Scars on her hips and back and floor burns on her legs and arms — these might be unsightly blemishes to some.
But for University of Miami senior Ryan Shaffer, it is evidence of four years of hard-nosed volleyball and a job well done.
“I like it,” Shaffer, a third-team All-Atlantic Coast Conference selection, said of her bumps and bruises.
“I always feel like I’m not ready until I take my first dive.”
Her next dive will take place Friday in Lincoln, Neb., where the Canes (19-11, 12-8 ACC) take on No. 25 Oregon (19-11, 12-8 Pac-12) in a first-round NCAA tournament game.
The winner likely gets host and ninth-ranked Nebraska on Saturday.
The Cornhuskers (23-6), who play unranked Fairfield (19-12) on Friday, are 13-2 at home with losses only to No. 2 Penn State and No. 19 Purdue.
Shaffer, a 5-7 defensive specialist from San Jose, Calif., recently became the Canes’ career leader in digs.
In essence, it’s her job to dive and dig out smashes that get past the Canes’ front wall.
She is one of two standout Canes who will be making her final NCAA postseason run.
The other key senior is Alex Johnson, a 6-0 right-side hitter from Tallahassee.
Johnson has started every game since she arrived on campus as a freshman.
And one of her missions Friday will be to help neutralize Liz Brenner, Oregon’s 6-1 junior who led the Pac-12 with 4.62 kills per set.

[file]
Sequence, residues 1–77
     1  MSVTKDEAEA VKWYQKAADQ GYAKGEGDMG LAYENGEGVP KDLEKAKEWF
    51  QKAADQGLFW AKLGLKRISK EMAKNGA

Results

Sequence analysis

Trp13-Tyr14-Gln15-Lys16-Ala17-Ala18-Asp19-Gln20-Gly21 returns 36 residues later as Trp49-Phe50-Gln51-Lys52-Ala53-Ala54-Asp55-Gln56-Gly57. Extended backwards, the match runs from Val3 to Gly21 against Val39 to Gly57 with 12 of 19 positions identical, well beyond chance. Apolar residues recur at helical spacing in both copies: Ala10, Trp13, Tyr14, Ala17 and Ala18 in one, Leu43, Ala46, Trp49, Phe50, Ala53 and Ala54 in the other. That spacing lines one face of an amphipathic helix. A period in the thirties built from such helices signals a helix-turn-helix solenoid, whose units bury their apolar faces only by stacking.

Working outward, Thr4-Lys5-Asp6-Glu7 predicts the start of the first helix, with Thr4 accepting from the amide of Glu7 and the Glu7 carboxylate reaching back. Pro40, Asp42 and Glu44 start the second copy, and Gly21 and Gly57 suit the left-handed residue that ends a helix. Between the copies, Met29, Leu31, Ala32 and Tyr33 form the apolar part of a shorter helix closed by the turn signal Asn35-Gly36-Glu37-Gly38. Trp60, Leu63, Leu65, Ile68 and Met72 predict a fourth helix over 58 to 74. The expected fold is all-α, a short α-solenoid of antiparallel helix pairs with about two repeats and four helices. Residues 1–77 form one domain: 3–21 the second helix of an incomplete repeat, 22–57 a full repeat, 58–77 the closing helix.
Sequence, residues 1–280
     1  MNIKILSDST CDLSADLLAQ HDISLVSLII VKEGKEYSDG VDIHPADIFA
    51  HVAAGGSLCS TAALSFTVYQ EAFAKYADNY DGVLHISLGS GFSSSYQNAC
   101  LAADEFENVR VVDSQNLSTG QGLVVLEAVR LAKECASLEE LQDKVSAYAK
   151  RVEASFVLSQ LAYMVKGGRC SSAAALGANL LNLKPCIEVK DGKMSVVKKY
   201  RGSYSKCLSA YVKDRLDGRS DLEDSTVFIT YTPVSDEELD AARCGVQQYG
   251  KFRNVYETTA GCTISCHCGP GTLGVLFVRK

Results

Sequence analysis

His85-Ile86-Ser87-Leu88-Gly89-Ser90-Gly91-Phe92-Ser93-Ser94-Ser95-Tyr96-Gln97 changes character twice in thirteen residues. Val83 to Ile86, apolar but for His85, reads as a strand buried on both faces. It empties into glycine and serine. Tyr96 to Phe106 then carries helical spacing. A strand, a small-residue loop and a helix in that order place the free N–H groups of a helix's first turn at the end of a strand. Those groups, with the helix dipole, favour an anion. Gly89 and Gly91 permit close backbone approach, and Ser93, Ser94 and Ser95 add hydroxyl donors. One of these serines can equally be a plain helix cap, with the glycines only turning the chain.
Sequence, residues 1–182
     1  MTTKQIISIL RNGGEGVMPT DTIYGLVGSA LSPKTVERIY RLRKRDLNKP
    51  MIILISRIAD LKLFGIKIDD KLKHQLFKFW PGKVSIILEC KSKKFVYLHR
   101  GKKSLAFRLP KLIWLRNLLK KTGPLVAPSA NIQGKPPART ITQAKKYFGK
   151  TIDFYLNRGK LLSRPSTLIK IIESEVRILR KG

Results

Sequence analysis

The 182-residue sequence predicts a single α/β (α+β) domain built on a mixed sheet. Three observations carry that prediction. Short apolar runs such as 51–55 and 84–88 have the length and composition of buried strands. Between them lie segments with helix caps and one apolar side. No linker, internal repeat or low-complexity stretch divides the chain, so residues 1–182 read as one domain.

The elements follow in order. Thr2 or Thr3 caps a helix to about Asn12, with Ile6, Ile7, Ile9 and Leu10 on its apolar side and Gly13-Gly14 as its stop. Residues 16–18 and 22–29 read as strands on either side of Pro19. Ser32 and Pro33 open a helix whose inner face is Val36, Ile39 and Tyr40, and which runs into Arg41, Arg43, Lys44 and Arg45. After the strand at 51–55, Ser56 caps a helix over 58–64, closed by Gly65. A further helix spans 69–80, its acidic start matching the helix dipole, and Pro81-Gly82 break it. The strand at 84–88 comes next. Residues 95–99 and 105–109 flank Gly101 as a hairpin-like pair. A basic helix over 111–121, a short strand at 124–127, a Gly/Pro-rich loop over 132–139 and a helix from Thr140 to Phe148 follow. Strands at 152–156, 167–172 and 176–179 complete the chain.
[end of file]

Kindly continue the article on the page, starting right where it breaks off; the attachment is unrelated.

Brenner is a phenomenal athlete who is an All-American in track (javelin) and a starter on the Ducks’ basketball team.
However, Canes first-year coach Jose “Keno” Gandara said his main focus is on his team — not Oregon.
“I’m most concerned that we can execute the way we are supposed to,” he said, “and if that is enough to beat Oregon, then that’s great.”
Gandara replaced Nicole Lantagne Welch, who took the Canes to four NCAA tournaments in a row before departing after last season to run the UC-Santa Barbara program in her home state of California.
Welch was named the co-Big West Coach of the Year and has her team in the NCAA tournament as well, opening against San Diego on Friday.
Last season’s Canes had a better record — 25-6 overall and 17-3 in the ACC — than this year’s edition.
But this year’s group has an opportunity to go further in the postseason simply by winning Friday.
And Johnson, the senior, said she has learned plenty from some of the team’s painful moments, such as the first-round loss to the College of Charleston last season.
“You can’t look ahead,” Johnson said.
“You could have had the best [regular] season or the worst. [Either way], we’re all starting with a clean slate.”